The modern wars of Afghanistan and Iraq pushed the Unmanned Aerial Vehicle (UAV) to the forefront of military operations. This resulted in a myriad of companies throwing their hats into the ring to compete for potentially lucrative military- and civilian-minded contracts - such products as the French-originated SAGEM Sperwer ("Sparrowhawk") appearing in 2002. The aerial system was developed exclusively as a reconnaissance platform with remote piloting, going on to stock the inventories of several nations of the world - Canada (as the CU-161), Denmark, France, Greece, the Netherlands, Sweden (as the UAV01 "Owl"), and the United States (Air National Guard). Canada, Denmark, the Netherlands, and Sweden have all retired their stock of Sperwers.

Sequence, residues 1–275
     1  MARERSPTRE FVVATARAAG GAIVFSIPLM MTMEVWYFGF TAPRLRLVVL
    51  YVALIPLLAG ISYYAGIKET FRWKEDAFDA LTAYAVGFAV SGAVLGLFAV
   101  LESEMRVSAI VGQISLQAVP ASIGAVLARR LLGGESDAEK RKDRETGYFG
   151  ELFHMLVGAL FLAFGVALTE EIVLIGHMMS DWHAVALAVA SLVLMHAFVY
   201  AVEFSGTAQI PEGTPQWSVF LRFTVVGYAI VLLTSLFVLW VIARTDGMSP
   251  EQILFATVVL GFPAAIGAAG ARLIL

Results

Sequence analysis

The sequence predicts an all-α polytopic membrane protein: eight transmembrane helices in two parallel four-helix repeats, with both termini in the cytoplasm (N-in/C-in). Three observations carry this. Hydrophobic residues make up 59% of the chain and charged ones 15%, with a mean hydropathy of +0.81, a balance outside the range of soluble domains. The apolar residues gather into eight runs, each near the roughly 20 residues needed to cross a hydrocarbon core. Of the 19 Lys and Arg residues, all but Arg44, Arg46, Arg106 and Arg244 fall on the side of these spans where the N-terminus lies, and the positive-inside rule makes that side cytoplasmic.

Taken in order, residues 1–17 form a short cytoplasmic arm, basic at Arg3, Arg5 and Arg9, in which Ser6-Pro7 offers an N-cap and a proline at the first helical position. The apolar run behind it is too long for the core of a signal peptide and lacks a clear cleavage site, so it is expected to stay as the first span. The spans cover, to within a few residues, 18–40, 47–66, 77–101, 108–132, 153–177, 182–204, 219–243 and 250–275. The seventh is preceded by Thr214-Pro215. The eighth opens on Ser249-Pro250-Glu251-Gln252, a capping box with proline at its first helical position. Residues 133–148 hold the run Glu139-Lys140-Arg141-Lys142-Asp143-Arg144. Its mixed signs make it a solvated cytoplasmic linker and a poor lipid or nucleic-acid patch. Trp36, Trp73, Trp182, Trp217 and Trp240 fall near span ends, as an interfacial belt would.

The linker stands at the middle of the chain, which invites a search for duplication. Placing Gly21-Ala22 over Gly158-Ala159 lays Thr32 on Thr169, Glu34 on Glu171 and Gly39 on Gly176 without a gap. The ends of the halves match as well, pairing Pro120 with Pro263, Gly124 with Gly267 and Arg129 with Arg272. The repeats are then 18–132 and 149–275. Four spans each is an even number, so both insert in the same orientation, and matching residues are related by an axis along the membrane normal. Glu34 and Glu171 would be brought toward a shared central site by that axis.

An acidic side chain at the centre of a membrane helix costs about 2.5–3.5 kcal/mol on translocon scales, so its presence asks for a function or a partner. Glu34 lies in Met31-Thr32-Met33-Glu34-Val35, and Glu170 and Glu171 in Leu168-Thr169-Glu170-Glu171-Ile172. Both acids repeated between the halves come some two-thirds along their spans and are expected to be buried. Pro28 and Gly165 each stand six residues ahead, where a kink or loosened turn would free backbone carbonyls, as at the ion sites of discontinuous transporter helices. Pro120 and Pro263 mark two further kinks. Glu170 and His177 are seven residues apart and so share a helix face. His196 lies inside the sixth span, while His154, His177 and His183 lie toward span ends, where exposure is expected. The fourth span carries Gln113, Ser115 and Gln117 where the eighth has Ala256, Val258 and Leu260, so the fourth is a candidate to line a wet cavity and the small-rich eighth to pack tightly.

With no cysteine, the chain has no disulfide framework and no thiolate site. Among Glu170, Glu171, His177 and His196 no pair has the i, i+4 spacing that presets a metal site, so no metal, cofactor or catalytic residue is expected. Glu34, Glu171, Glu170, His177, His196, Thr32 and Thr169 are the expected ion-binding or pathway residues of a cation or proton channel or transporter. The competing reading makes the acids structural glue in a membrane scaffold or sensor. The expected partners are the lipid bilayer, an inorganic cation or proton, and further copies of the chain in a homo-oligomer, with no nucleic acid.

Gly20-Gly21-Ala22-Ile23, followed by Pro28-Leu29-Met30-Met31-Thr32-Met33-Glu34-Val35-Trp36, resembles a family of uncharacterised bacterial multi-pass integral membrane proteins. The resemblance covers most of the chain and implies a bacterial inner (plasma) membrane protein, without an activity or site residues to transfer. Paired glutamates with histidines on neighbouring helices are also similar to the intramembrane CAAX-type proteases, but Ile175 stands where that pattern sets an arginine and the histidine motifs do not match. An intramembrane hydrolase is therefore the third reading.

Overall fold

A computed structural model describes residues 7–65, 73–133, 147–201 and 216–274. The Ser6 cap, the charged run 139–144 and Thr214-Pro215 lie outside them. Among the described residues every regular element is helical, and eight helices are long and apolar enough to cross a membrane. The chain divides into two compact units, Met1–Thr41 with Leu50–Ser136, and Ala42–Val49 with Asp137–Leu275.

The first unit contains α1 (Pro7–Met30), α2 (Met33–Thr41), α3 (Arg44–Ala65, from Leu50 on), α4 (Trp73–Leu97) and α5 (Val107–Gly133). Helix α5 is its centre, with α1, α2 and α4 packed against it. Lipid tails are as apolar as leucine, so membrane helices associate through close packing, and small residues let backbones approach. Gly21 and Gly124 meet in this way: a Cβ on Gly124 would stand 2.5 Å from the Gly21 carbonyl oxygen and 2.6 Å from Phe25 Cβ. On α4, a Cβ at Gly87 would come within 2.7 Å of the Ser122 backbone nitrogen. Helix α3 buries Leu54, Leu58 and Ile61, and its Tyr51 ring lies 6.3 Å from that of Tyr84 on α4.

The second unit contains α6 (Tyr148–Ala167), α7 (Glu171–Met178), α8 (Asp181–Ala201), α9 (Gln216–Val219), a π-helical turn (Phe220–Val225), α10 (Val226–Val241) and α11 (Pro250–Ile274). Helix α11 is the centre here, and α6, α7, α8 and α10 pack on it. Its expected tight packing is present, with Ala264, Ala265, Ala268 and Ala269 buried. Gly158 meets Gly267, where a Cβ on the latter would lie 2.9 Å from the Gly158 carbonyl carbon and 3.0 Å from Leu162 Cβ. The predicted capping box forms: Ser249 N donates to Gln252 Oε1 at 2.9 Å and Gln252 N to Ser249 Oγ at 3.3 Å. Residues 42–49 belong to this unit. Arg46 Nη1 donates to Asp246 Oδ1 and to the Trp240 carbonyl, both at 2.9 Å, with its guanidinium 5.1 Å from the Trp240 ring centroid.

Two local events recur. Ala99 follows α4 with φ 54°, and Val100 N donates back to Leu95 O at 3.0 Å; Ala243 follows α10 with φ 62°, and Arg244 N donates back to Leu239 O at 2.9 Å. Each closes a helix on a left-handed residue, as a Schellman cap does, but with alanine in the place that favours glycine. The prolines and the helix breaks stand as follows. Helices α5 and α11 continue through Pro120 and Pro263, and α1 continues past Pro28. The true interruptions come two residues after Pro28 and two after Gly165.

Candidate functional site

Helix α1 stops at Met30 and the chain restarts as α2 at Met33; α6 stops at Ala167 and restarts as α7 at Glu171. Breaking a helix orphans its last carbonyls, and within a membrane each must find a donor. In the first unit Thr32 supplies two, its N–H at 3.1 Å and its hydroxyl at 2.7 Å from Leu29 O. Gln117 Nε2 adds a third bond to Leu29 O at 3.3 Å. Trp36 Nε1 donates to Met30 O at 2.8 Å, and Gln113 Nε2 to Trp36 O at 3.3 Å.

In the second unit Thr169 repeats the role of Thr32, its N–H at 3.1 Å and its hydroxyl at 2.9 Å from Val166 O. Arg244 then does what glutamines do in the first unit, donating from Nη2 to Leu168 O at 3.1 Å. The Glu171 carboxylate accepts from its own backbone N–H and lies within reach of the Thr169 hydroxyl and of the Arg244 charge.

The Sperwer lacks the sleek look of other modern UAVs but its single-minded mission requires only the basics out of the design. The fuselage is rectangular in shape with slap sides, a rounded nose section, and a squared aft section. Outward-canted vertical fins are situated over the tail. The mainplanes are low-mounted along the aft fuselage sides with forward canards set just aft of the nose assembly. The powerplant is held in a compartment at the rear of the fuselage driving a four-bladed propeller in a "pusher" arrangement. Launching is by way of a launch rail. Applicable mission equipment and optics are held in the fuselage.
The French Army continues support of the Sperwer for its various operations through a limited stock of aircraft.